So the children and I set out early Tuesday morning to seek snow adventures.
We ran into some slightly dicey weather about halfway there, which is when I learned for the first time that you could actually use defrost to de-FROST your windshield.
I seriously had no idea.
And it wasn’t a quick realization, either. It was after my window was covered with sleet, and after I tried to use my wiper fluid which only furthered the ice smear. I decided I was going to have to find a gas station to buy an ice scraper (because of course I don’t own one,) then I had The Epiphany.
It IS called deFROST. I wonder if it could…surely not…well, it’s worth a try…
And miraculously, it worked!
But what we didn’t realize until we arrived and settled in is that we had actually run away from the snow, and what turned into one of our state’s most massive snow catastrophes.
Our destination, Eufaula Alabama, had been predicted to get a the brunt of the snow. We did get snow, but not until much later. What actually happened is that the snow band very suddenly shifted 100+ miles north, quite unexpectedly dousing Birmingham with snow and ice, causing schools to shut down and everyone to leave work at once to get their children and/or get home. And thousands (yes, thousands) of people ended up stranded in a massive, city-wide gridlock of wrecks and impassable roads.
Over four thousand children were stranded at their schools overnight – some still there now, with dedicated teachers who may or may not have had any sleep.
There were hundreds of wrecks. Hundreds of abandoned cars when people realized they couldn’t move – it was so desperate that they resorted to walking miles home in the still-falling snow.
It was horrifying and heartbreaking to see unfolding over Twitter and Facebook. And then, the exact same thing happened in Atlanta.
It’s complicated to explain why this happens to the south, but this article does a pretty good job. Basically, we have zero infrastructure to handle it, because it doesn’t happen enough to warrant it. James Spann, the weatherman I mentioned yesterday whom we all rely on, issued a humble and heart-wrenching apology. But I know how seriously he takes his service to our community (he literally saved thousands of our lives in 2011,) and am 100% confident that he got it as right as he could have considering the complete lack of historical data about predicted South Alabama snowfalls.
All day Tuesday I had a constant stream of texts from my friends that were separated from their kids, stranded on the roads, and/or trying to get home from work. Chris was stuck overnight in his office (and is still stuck tonight as well.)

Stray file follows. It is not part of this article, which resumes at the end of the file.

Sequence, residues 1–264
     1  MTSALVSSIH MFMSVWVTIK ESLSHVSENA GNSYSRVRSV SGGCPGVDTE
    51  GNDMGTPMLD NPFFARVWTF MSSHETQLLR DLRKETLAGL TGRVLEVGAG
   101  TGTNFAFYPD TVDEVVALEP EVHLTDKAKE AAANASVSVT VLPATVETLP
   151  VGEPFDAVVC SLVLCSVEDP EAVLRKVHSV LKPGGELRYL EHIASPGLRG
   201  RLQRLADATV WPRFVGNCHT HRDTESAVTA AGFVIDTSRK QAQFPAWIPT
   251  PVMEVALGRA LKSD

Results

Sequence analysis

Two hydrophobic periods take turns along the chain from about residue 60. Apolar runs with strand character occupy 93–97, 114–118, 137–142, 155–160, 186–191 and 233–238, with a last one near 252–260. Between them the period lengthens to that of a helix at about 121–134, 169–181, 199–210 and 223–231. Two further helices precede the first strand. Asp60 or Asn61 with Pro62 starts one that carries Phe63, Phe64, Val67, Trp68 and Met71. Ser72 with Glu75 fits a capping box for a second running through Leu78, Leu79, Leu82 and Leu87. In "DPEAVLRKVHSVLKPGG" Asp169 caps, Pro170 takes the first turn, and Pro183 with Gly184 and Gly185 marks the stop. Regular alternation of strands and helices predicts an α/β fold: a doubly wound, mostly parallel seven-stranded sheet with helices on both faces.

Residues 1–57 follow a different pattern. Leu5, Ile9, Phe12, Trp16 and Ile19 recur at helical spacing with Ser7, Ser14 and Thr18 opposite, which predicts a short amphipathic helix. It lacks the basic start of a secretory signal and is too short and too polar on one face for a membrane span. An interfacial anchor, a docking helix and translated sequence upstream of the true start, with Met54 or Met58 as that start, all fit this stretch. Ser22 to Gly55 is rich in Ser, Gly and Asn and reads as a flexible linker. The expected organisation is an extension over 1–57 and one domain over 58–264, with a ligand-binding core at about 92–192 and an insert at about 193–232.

Yet we were in South Alabama, where it was supposed to snow, but we were alternating between watching movies and playing in the rain.
It was bizarre. It felt wrong. And all we could do was pray for our friends and neighbors – which we did a good bit.
After the kid’s bedtime, it started to snow here – giant, fat flakes, leaving us with the same amount of snow that Birmingham got, but with warmer temperatures and no mass hysteria.
I went to bed knowing that my friends were safe, my husband was safe, but that thousands were not.
I woke up just before sunrise to the snowy Utopia I’d so fervently sought for me and the kids, but it was bittersweet.
However, there was nothing we could do but pray for the people back home – we were quite firmly iced in three hours south, after all, so we set our hearts to enjoy the place that we were.
The sunrise was magical,
The kids were thrilled (I know the amount is laughable to Northern readers but it was enough to make us happy,)
And the lake made things all the more entertaining.
I forgot that I was three hours SOUTH of Birmingham several times until the Seagulls reminded me.
And of course these signs.
Noah enjoyed the snow until he decided he’d pick some up (in the terribly sub-par gloves I’d provided him.)
Apparently the stuff is cold. Who knew?
Ali was fortunate to make friends with the three kids staying two cottages over – they came up from Florida seeking snow.
Ali even ventured into the lake.
Noah preferred the driest snow he could find, after he watched an entire movie to recover from above snow panic.
And, as is customary in southern snow, we frantically did everything that must be done.
We ate snow cream and made snow angels,
Attempted a snowman but found the snow to be too powdery, made snowballs,
(Which is when I realized my daughter definitely throws like a girl,)
And wrote our names in the snow – with our feet, of course.
In short, our adventure has been successful. We have all three gotten everything we wanted out of our trip – beautiful views,
and plenty of playtime.
And some day when three hour’s worth of roads thaw (hopefully tomorrow), we’ll go home.
Please be praying for those still in transit or stranded in Birmingham and Atlanta.